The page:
Assets Revalued Credit into capital accounts of partners can be said to be transfer, provisions of section 45(4) of Income Tax Shall Apply: Supreme Court

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The Supreme Court held that the assets revalued and credit into capital accounts of the respective partners can be to be transfer and and the provisions of section 45(4) inserted by the Finance Act 1987 with effect from 01.04.1988 shall be applicable.

Facts

The respondent assessee, a partnership firm originally consisted of four partners (all brothers) engaged in the business of Dyeing and Printing, Processing, Manufacturing and Trading in Clothing. Under the Family Settlement dated 02.05.1991, the share of one of the existing partners – Shri M.H. Doshi having 25% profit share in the firm was reduced to 12% and, for his balance 13% share, three new partners were admitted namely, viz., Smt. Ranjan Doshi (11%), Shri Prakash Doshi (1%) and Shri Rajeev Doshi (1%). It appears that thereafter, Shri M.H. Doshi, Shri Manohar Doshi and Shri V.H. Doshi retired from the partnership and reconstituted the partnership firm consisted of the partners namely, viz., Shri Hasmukhlal H. Doshi, Smt. Rajan H. Doshi, Shri Prakash H. Doshi & Shri Rajiv H. Doshi.

The respondent filed its Return of Income for the relevant assessment years. The Return of Income was filed for A.Y. 1993-1994 @ Rs. 3,18,760/-. The same was accepted under Section 143(1) of the Income Tax Act, 1961. However, thereafter, the assessment was reopened under Section 147 of the Income Tax Act by issuance of the notice under Section 148. The assessment was reassessed under Section 143(3) read with Section 147 determining the total income of Rs. 2,55,19,490/-. Addition of Rs. 17,34,86,772/- was made towards short term capital gain under Section 45(4) of the Income Tax Act. Similar addition was made for A.Y. 1994-1995.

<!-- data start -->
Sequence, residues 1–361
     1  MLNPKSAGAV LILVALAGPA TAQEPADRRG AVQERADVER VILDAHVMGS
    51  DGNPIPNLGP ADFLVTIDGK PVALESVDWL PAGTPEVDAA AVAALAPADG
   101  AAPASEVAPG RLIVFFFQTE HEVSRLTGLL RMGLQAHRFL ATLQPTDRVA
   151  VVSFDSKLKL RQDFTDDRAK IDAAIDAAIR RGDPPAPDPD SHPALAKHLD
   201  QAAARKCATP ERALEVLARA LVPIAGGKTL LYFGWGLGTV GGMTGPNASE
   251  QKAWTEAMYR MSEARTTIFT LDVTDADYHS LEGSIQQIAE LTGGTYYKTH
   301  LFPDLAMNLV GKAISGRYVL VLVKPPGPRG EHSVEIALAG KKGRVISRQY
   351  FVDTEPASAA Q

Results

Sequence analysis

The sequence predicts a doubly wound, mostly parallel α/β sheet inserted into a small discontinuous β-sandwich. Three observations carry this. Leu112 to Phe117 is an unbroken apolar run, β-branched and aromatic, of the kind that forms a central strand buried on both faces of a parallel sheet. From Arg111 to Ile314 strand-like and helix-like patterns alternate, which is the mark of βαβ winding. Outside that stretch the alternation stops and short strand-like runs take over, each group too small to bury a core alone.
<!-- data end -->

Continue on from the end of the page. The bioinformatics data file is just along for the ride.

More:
As per the A.O., the assessee revalued the land and building and enhanced the valuation from Rs. 21,13,225/- to Rs. 17,56,00,000/- for A.Y. 1993-1994 thereby increasing the value of the assets by Rs. 17,34,86,772/- and therefore the revaluing of the assets, and subsequently crediting it to the respective partners’ capital accounts constitutes transfer, which was liable to capital gains tax under Section 45(4) of the Income Tax Act. 

As land and building was involved, the assessee had claimed the depreciation on building, and the Assessing Officer assessed the amount of short-term capital gain under Section 50. 2.6 The Commissioner of Income Tax (Appeals) [CIT(A)] by order dated 30.07.2004 confirmed the addition on account of Short-Term Capital Gains and held that there is a clear distribution of assets as partners have also withdrawn amounts from the capital account. CIT(A) also observed that value of the assets of the firm which commonly belonged to all the partners of the partnership have been irrevocably transferred in their profit-sharing ratio to each partner. To the extent that the value has been assigned to each partner, the partnership has effectively relinquished its interest in the assets and such relinquishment can only be termed as transfer by relinquishment. 

Therefore, according to the CIT(A), conditions of Section 45(4) are satisfied and therefore, the assets to the extent of their value distributed would be deemed as income by capital gains in the hands of the assessee firm. The CIT (A) also observed that the transfer of the revalued assets had taken place during the previous year and, therefore, the liability to capital gains arises in the A.Y. 1993-1994.

Arguments